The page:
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Prenatal lead exposure in Israel: an international comparison.
Isr Med Assoc J. 1999 Dec; 1(4):250-3.IM

Abstract

BACKGROUND

Prenatal lead exposure (umbilical cord blood lead concentration > 10 (micrograms/dl) may impair cognitive development. Childhood lead poisoning is infrequent in Israel, and there are no data on lead exposure in immigrants to Israel from the former Soviet Union.

OBJECTIVES

To evaluate prenatal blood lead concentrations in Israeli newborns whose mothers were born in Israel and in those whose mothers recently immigrated from Russia, and to compare data of prenatal lead exposure in Israel with those reported from other countries.

METHODS

We compared the UCBLC of 35 newborns of new immigrants from Russia with a group of 35 newborns whose mothers were born in Israel. Venous BLC was also measured in 50 mothers. Data are compared with similar reports on prenatal lead exposure internationally.

RESULTS

The UCBLC in all 70 newborns (mean +/- SD) was 3.53 +/- 1.6 micrograms/dl, and mothers' BLC (mean +/- SD) was 3.90 +/- 1.39 micrograms/dl. UCBLC and BLC in the 50 mother-newborn pairs correlated (r = 0.36, P < 0.01). All newborns except one had UCBLC < 8.0 micrograms/dl. There was no significant difference between UCBLC in the two groups.

CONCLUSIONS

Prenatal lead exposure among the study subjects in both groups was low. In this sample the newborns of mothers born in Israel and those whose mothers recently immigrated from Russia were not found to be at risk for lead poisoning. Prenatal lead exposure in this sample was low compared to that reported from various parts of the world.

Authors+Show Affiliations

Department of Pediatrics, Hadassah University Hospital, Mt. Scopus, Israel. dvdamitai@matat.health.gov.ilNo affiliation info availableNo affiliation info availableNo affiliation info availableNo affiliation info availableNo affiliation info available

Pub Type(s)

Comparative Study
Journal Article
Multicenter Study
Review

Language

eng

PubMed ID

10731354

Citation

Amitai, Y, et al. "Prenatal Lead Exposure in Israel: an International Comparison." The Israel Medical Association Journal : IMAJ, vol. 1, no. 4, 1999, pp. 250-3.
Amitai Y, Katz D, Lifshitz M, et al. Prenatal lead exposure in Israel: an international comparison. Isr Med Assoc J. 1999;1(4):250-3.
Amitai, Y., Katz, D., Lifshitz, M., Gofin, R., Tepferberg, M., & Almog, S. (1999). Prenatal lead exposure in Israel: an international comparison. The Israel Medical Association Journal : IMAJ, 1(4), 250-3.
Amitai Y, et al. Prenatal Lead Exposure in Israel: an International Comparison. Isr Med Assoc J. 1999;1(4):250-3. PubMed PMID: 10731354.
* Article titles in AMA citation format should be in sentence-case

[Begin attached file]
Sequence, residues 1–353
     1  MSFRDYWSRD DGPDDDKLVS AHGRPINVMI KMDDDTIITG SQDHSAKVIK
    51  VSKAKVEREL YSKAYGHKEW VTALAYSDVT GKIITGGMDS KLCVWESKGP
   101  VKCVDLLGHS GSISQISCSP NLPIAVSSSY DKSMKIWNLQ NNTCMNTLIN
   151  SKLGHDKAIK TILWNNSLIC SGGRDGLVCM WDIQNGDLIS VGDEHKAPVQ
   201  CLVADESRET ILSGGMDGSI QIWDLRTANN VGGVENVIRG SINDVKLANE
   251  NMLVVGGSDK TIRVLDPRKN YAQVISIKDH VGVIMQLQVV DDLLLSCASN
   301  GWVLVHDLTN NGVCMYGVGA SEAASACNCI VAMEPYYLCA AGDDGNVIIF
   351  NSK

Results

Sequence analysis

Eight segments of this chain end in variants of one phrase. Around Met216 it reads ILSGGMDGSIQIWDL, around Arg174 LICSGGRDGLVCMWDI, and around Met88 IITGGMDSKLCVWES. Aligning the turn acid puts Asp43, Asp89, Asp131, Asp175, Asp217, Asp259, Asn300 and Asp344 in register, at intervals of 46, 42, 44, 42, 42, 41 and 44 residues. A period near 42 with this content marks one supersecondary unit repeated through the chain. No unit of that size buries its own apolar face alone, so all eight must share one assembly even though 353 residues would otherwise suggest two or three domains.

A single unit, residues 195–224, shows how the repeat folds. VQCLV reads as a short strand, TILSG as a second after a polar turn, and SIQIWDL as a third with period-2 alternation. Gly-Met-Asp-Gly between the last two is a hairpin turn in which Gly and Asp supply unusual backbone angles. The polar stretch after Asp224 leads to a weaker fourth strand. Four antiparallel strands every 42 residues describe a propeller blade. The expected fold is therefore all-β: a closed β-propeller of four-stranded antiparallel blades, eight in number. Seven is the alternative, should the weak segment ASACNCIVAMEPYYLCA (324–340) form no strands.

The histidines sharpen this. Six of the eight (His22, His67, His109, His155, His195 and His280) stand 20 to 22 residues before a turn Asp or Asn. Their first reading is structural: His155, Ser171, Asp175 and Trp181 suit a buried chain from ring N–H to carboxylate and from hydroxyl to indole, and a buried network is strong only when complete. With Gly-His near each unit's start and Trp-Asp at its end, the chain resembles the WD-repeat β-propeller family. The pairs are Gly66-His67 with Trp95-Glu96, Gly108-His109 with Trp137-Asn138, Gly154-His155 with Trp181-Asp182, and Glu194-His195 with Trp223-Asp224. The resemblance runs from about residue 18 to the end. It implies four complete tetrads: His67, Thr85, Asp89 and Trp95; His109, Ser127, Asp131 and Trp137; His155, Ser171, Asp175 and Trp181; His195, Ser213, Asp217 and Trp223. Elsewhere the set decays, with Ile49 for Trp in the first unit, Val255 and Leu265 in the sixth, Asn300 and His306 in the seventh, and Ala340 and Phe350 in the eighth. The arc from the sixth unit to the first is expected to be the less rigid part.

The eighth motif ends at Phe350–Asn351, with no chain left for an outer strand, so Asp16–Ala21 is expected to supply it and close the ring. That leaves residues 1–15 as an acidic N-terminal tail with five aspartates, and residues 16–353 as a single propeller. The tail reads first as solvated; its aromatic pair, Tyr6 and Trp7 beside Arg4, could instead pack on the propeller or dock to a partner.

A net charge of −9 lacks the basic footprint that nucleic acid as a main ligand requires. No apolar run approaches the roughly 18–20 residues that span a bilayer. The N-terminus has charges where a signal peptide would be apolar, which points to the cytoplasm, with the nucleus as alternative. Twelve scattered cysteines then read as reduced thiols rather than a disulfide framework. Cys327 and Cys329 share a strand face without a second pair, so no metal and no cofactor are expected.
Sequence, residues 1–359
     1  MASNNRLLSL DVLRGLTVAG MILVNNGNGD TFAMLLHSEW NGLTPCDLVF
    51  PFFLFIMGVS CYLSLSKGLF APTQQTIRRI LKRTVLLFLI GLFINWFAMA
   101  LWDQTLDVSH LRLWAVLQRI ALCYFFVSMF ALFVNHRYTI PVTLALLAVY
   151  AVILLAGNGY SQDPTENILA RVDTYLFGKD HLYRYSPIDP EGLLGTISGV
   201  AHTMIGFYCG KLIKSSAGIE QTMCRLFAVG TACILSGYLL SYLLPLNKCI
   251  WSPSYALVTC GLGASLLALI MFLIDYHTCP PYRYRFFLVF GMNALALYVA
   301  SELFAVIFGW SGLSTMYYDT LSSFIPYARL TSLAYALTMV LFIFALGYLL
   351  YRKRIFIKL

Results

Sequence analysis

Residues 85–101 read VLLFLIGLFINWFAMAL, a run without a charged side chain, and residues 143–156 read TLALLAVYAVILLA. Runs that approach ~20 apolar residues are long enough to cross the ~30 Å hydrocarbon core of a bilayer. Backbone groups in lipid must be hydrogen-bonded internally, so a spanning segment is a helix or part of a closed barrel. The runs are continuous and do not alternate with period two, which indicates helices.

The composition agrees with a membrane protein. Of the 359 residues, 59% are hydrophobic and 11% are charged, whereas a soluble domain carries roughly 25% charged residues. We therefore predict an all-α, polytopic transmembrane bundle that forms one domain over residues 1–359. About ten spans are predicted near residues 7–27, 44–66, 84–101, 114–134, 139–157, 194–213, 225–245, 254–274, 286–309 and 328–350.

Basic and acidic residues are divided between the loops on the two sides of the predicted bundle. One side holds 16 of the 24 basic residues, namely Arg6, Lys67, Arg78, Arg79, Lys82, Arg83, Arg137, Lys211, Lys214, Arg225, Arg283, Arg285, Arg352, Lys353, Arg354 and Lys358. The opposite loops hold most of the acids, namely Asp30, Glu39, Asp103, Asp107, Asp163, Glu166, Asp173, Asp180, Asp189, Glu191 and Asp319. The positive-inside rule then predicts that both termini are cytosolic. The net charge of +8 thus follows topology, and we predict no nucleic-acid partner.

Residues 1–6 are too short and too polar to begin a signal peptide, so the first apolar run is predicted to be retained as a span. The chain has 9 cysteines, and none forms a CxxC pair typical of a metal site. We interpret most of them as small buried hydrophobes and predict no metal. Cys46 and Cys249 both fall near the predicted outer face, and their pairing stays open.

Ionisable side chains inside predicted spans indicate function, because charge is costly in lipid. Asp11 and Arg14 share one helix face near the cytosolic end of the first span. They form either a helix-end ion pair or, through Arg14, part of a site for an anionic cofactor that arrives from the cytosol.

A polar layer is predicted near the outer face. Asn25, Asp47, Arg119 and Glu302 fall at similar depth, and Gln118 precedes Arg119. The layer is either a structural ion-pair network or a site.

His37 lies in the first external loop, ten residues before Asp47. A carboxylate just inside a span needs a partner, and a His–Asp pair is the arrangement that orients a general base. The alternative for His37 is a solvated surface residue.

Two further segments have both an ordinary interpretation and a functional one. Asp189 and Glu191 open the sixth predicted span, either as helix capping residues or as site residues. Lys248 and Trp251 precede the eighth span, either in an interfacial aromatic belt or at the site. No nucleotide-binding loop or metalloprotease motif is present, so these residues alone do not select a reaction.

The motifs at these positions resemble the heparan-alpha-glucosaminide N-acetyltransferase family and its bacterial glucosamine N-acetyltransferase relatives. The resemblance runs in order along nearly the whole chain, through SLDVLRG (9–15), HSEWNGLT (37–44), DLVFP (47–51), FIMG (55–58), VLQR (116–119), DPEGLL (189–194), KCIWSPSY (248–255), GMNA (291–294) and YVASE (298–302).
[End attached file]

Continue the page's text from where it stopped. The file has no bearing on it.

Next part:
TY - JOUR T1 - Prenatal lead exposure in Israel: an international comparison. AU - Amitai,Y, AU - Katz,D, AU - Lifshitz,M, AU - Gofin,R, AU - Tepferberg,M, AU - Almog,S, PY - 2000/3/25/pubmed PY - 2000/4/25/medline PY - 2000/3/25/entrez SP - 250 EP - 3 JF - The Israel Medical Association journal : IMAJ JO - Isr Med Assoc J VL - 1 IS - 4 N2 - BACKGROUND: Prenatal lead exposure (umbilical cord blood lead concentration > 10 (micrograms/dl) may impair cognitive development. Childhood lead poisoning is infrequent in Israel, and there are no data on lead exposure in immigrants to Israel from the former Soviet Union. OBJECTIVES: To evaluate prenatal blood lead concentrations in Israeli newborns whose mothers were born in Israel and in those whose mothers recently immigrated from Russia, and to compare data of prenatal lead exposure in Israel with those reported from other countries. METHODS: We compared the UCBLC of 35 newborns of new immigrants from Russia with a group of 35 newborns whose mothers were born in Israel. Venous BLC was also measured in 50 mothers. Data are compared with similar reports on prenatal lead exposure internationally. RESULTS: The UCBLC in all 70 newborns (mean +/- SD) was 3.53 +/- 1.6 micrograms/dl, and mothers' BLC (mean +/- SD) was 3.90 +/- 1.39 micrograms/dl. UCBLC and BLC in the 50 mother-newborn pairs correlated (r = 0.36, P < 0.01). All newborns except one had UCBLC < 8.0 micrograms/dl. There was no significant difference between UCBLC in the two groups. CONCLUSIONS: Prenatal lead exposure among the study subjects in both groups was low. In this sample the newborns of mothers born in Israel and those whose mothers recently immigrated from Russia were not found to be at risk for lead poisoning. Prenatal lead exposure in this sample was low compared to that reported from various parts of the world. SN - 1565-1088 UR - https://www.unboundmedicine.com/medline/citation/10731354/Prenatal_lead_exposure_in_Israel:_an_international_comparison_ L2 - https://medlineplus.gov/leadpoisoning.html DB - PRIME DP - Unbound Medicine ER -